Thursday, October 30, 2014

Coffee and Other Drugs

So, my favorite story from my time working at the denominational headquarters for the Church of the Nazarene is actually a second-hand story. Like all legends, it may have grown and morphed over time, but the general tenner rings true enough, I'm ok retelling it.

Someone had been tasked with bringing one of our General Superintendents (Six GSs are elected to provide spiritual and ecclesial leadership for the denomination) to the airport. It was an early morning flight. One the way, this driver asked about the rationale for our stance on addictive substances. Ultimately, the reasoning seemed to boil down to avoiding things to which we might be addicted both because not having full control of your actions is potentially dangerous, but also because doing things that may harm your body is, well, harmful. This intrepid driver asked the GS, "So, if this is the reason we avoid potentially addictive substances, why do we drink caffeine?" To which this gracious and amicable leader raised his coffee cup and smiled, saying "Because those of us with power are already addicted."

This humorously and tellingly helps understand the choice we all make in what we consume. Last week, when I put the call out for blog post ideas, one came back asking what my thoughts were on addictive substances with low health risks (specifically coffee). The request came from someone who tired, unsuccessfully, to quit coffee - and, I assume, was hoping for either a guilt-trip motivational lecture or perhaps some guilt relief.

Practically, caffeine fanatics will get little help from me (and I make a point to say caffeine, not coffee, since Red Bull and Mountain Dew seem like far more dangerous caffeine mules than coffee). I ran cross-country in high school. I was mediocre - literally - finishing almost dead center of both the pack and my team in almost every race. I did go to high school in Colorado, where cross country is taken pretty seriously, so I always delude myself into thinking I was slightly above average nationally.

Our coaches really challenged us to give up soda, because it's pretty bad for performance. Me, being a cheapskate and not a huge soda drinker to begin with, decided I'd stop drinking anything but water. Sure, I do occasionally indulge in fruit juice - and I might have a Sprite on the rocks at New Year's Eve - but I've mostly maintained that position, even as nothing I do anymore could even remotely be called "running."

I also like coffee. I don't drink it every day or even every week (see above: cheapness), but say, while enjoying a crisp, sunny morning sitting at an outdoor cafe overlooking Kailua Bay on Hawaii's Big Island, a 16oz double mocha cappuccino made from the darkest, most smooth fresh local Kona coffee might just be the most glorious thing imaginable.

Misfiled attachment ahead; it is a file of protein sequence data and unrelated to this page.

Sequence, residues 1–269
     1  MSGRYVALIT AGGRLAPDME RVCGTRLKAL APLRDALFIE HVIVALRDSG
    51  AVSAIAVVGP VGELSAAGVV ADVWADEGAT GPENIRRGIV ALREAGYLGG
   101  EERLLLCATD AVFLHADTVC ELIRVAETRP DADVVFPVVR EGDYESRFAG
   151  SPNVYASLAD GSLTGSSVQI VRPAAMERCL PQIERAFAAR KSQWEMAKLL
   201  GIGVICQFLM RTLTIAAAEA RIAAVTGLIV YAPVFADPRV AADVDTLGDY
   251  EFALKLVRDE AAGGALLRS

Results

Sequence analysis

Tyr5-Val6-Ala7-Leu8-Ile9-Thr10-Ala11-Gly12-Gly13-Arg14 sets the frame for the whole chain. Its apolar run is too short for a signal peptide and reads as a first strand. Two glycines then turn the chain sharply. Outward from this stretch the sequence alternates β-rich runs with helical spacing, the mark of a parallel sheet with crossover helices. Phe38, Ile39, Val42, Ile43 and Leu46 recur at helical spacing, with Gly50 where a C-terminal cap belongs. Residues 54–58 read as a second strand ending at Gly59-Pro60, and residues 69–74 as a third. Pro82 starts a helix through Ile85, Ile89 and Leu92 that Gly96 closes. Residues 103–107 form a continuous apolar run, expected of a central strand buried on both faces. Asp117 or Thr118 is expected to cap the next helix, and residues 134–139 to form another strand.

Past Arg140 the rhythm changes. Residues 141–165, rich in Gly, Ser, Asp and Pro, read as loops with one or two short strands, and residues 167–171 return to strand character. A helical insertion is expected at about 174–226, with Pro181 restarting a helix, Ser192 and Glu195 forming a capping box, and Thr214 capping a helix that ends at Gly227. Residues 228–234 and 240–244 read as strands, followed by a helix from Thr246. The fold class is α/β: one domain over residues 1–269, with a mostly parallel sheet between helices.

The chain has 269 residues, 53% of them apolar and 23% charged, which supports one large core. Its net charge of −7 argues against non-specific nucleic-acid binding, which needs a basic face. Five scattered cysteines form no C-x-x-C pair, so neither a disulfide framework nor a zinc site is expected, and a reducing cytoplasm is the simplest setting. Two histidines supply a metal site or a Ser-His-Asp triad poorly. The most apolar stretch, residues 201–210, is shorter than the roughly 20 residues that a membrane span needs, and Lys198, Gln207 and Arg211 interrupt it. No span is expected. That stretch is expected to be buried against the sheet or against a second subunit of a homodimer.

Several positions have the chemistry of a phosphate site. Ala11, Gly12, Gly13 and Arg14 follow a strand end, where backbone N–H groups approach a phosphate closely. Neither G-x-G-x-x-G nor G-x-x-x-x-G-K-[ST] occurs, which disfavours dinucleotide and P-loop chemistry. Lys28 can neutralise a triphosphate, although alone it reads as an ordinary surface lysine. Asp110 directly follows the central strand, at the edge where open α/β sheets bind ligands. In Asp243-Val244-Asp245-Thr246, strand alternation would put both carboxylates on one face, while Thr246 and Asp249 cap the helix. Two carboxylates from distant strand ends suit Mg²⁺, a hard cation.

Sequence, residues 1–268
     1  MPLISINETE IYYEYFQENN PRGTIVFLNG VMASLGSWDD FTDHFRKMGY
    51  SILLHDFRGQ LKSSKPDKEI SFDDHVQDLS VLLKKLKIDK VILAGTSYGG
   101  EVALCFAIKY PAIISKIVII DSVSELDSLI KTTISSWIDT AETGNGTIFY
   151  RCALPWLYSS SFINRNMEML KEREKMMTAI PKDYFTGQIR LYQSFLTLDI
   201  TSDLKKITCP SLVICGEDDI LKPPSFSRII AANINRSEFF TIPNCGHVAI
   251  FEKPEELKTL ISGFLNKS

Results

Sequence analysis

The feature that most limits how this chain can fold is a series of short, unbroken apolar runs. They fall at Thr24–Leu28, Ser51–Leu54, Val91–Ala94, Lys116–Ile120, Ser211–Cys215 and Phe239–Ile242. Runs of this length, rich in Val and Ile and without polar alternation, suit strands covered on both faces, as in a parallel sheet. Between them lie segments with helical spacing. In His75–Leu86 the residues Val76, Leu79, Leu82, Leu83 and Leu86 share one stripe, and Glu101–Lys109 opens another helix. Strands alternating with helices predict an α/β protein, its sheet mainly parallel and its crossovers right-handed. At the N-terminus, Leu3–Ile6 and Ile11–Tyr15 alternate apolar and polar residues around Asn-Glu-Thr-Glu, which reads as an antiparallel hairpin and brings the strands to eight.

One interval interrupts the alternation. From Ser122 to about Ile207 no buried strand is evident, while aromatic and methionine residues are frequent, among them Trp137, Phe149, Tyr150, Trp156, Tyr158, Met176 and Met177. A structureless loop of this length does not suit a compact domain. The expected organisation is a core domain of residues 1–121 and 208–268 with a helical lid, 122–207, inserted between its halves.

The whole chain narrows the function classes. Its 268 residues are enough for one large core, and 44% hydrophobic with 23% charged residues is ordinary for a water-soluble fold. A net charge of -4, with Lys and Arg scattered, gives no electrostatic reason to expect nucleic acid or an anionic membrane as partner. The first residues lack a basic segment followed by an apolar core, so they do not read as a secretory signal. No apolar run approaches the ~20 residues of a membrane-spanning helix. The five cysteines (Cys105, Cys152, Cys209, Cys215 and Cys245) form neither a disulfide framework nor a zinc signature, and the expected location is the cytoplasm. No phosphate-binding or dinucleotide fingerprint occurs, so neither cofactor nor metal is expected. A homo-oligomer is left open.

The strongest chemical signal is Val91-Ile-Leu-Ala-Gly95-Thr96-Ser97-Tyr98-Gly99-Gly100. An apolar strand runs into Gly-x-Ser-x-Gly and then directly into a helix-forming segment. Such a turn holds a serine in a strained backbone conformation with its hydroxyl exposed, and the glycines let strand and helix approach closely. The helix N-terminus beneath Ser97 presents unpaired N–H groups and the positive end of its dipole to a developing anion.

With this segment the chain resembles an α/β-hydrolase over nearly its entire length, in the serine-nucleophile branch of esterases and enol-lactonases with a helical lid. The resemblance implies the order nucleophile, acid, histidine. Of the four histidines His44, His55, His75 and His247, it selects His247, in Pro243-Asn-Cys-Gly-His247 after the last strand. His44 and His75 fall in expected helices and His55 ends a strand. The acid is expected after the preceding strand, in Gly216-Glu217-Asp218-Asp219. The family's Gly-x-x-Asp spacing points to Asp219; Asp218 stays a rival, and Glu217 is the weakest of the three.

If I haven't enabled at least a dozen addicts by now, I'm not really doing my job.

In all seriousness, addictions are no joke. Some of them can be really debilitating and I do believe all addictions are dangerous. The very definition of addiction is a desire one can't fully control. People are addicted to what are generally assumed to be important and necessary activities: eating, shopping, sex, exercise - I can't imagine my life functioning properly without all of those things.

Yes, some addictions, like meth or heroine, have literally no positive qualities, but I don't think anyone is looking for some excuse to justify them. It's the other ones - a drink here or there isn't going to hurt anything, caffeine helps me get up in the morning, etc - that drive people nuts. Some people. A lot of people engage in these activities without any real moral difficulty whatsoever. Are some of them addicts in denial? Sure. But not all.

I think the bottom line is, if what you're doing hurts yourself or others, you should probably stop - get professional help, if necessary, non-professional help for sure. If someone you care about believes what you're doing hurts someone, stop, please. If you, and the people around you, don't honestly believe your habits really control you, why would you even ask a question like this?

I tend to be someone very fixated on things. I have a hard time putting down a good book or not binge-watching whatever show appeals to me next. I get caught in repetitive practices all the time just because I like the comfort of it. Some might be addictions, some might not - none of them are healthy.

I'm a person who struggles with discipline. When one part of my life becomes undisciplined (buying a candy bar every time I check out at Walmart), chances are the rest of my life will spiral into an undisciplined, depressing mess.

I have to constantly be checking myself, setting goals, exercising my miniscule willpower - not because any of those habits are terrible on their own, but because they collectively make my life miserable.

So, I don't think that sort of question is one anyone should have to ask, especially of me, unless we're really good friends. I don't know you. The people who do are much better sounding boards for that sort of thing.

If you want my opinion in general: drink more water, get plenty of sleep. Those are both very healthy things to do.

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